Beyond individual needs, there are ecological and societal needs. Ecological needs are prudent usage, cyclic change, and restoration when necessary. Humans are an integral part of nature with the power to dramatically change it and utilize it. We have an intellectual need to understand the elements and processes of nature. This knowledge not only allow us to more effectively utilize those elements and processes for our physical benefit (food, clothing, shelter, etc.) but it also gives the satisfaction of knowledge and understanding for its own sake. Prudent usage allows continued study and preservation for further use. Nature operates on cyclic change. When humans damage those natural cycles and balances it is necessary to restore them to the best of our human ability. Otherwise, we inhibit nature’s ability to provide us with resources to meet our needs. Systemic interdependence requires wholeness.
Societal needs are to pool information, skills, and labor for increased effectiveness within the system and establish order for the protection and sustenance of the whole. Society must mediate between self and nature to ethically balance usage of human and natural resources. All of these elements constitute the whole.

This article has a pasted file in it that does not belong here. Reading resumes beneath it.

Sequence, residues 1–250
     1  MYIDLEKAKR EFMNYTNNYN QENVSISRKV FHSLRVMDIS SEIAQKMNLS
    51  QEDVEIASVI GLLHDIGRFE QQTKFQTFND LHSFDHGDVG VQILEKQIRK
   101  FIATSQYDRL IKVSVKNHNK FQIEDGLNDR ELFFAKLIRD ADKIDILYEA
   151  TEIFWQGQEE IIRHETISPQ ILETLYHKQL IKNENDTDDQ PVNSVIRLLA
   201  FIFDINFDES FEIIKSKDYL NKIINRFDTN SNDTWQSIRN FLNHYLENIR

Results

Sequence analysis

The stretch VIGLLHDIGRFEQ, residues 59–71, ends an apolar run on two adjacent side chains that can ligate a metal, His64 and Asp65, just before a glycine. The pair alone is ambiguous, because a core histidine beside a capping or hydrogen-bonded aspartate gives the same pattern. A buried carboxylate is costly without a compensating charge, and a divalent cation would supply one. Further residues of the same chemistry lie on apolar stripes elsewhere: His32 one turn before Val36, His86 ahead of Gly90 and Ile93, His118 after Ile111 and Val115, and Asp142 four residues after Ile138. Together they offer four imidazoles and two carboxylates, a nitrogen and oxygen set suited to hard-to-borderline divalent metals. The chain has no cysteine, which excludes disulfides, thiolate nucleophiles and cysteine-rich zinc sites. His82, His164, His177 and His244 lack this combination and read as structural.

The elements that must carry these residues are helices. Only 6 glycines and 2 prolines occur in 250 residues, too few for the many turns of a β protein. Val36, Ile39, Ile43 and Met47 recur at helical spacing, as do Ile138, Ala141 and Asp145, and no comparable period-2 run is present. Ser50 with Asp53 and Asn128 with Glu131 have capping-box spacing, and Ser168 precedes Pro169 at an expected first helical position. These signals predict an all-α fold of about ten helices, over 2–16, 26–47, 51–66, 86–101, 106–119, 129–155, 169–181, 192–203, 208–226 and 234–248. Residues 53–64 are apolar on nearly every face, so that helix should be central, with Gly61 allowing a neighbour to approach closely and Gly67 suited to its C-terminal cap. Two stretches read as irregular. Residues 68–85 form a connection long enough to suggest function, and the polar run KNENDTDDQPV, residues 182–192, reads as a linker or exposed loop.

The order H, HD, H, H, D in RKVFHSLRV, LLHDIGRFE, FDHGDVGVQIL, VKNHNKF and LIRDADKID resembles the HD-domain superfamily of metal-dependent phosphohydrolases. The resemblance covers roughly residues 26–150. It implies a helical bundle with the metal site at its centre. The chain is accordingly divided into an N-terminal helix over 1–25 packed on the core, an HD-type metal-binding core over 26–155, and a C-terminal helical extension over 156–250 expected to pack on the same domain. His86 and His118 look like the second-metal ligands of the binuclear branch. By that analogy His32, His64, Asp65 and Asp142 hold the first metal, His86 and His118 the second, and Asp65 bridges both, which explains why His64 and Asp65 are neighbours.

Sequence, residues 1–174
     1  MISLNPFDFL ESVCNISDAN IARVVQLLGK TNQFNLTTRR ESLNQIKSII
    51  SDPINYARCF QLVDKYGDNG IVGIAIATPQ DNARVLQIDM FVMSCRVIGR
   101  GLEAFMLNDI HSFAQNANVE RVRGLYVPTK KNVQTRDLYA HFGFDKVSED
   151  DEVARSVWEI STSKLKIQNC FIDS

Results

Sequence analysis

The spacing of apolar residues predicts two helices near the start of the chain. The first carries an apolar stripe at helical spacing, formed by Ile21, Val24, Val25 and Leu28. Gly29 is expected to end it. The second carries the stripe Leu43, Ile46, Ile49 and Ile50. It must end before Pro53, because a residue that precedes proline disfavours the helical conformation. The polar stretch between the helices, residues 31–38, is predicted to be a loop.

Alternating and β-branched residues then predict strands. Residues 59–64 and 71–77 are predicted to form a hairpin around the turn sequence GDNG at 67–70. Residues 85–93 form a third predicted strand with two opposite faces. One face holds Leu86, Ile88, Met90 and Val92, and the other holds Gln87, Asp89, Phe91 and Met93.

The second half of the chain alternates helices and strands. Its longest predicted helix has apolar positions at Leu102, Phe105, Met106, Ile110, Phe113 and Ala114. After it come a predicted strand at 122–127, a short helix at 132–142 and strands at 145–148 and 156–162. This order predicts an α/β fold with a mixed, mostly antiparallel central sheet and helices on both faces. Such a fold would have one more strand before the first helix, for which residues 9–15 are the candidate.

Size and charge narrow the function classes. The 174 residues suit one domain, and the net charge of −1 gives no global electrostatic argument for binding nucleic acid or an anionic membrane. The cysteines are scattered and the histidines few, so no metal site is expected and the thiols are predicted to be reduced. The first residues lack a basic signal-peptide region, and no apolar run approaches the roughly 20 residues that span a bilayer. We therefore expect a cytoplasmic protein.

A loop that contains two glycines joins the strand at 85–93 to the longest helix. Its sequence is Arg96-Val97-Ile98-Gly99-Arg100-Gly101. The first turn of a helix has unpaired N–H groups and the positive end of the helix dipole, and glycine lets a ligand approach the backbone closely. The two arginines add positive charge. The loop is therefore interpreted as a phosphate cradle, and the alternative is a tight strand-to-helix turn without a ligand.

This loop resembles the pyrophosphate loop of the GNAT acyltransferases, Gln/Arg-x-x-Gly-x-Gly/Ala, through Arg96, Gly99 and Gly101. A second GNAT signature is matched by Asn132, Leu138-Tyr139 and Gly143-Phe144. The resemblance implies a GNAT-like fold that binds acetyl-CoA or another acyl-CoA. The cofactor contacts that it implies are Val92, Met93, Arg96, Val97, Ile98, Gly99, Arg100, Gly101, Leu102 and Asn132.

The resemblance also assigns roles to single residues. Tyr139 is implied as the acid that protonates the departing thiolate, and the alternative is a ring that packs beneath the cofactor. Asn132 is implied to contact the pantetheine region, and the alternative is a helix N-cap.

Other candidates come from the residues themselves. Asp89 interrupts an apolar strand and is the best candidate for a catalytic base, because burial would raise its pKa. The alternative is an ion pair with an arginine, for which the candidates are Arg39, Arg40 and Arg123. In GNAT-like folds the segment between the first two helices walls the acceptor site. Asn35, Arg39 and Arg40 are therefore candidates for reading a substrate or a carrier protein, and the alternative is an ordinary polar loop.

Hierarchy of Wholeness
Human dignity is paramount in all ethical decisions. Integrity requires that one individual recognize his own value as being equal to the value of all other human beings. To minimize the value of others is to minimize the value of self. Therefore one standard should be able to be applied to all people. This is an expression of Kant’s (1785) assertion that the way to judge moral issues via categorical imperative is to “act only in accordance with that maxim through which you can at the same time will that it become a universal law” and secondly to “Act that you use humanity [self or others]…always at the same time as an end, never merely as a means.” These two rules preserve human dignity and establish priorities. Kant discussed man’s tendency to make exception to absolute law. To act in integrity is to minimize exception. This increases the likelihood of non-contradicting satisfaction.